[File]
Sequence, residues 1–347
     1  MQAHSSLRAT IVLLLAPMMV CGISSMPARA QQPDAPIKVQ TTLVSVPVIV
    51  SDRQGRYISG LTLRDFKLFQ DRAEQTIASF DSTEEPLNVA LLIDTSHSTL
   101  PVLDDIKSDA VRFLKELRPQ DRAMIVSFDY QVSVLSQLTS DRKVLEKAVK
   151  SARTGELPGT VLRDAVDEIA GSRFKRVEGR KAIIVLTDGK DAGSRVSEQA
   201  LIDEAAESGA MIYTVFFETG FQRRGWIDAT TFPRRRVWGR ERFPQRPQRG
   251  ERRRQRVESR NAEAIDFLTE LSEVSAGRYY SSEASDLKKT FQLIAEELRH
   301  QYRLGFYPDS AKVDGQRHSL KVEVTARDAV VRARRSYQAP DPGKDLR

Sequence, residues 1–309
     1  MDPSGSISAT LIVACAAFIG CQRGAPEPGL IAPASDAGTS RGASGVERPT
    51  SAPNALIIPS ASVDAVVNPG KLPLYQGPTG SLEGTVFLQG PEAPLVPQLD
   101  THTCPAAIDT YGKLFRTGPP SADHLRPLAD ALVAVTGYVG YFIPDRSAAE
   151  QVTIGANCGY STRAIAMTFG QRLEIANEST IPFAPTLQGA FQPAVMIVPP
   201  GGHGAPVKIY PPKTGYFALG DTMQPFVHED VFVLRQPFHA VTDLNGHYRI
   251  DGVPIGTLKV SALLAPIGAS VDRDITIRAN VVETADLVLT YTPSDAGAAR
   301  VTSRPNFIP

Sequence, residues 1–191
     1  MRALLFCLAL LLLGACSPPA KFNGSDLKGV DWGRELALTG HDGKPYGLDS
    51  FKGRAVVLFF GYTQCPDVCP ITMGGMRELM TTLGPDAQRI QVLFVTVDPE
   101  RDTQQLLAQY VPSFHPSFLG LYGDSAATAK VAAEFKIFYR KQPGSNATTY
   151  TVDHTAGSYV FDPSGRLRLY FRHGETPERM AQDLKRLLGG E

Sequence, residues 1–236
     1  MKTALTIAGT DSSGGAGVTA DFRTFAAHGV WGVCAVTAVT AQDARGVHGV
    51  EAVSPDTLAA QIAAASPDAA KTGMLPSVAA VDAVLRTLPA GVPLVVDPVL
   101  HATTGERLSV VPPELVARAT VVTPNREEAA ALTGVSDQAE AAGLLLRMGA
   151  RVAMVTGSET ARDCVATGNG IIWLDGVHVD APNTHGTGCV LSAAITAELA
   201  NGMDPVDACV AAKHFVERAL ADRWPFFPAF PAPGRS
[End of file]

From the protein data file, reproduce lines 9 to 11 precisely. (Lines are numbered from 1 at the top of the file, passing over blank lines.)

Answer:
Sequence, residues 1–309
     1  MDPSGSISAT LIVACAAFIG CQRGAPEPGL IAPASDAGTS RGASGVERPT
    51  SAPNALIIPS ASVDAVVNPG KLPLYQGPTG SLEGTVFLQG PEAPLVPQLD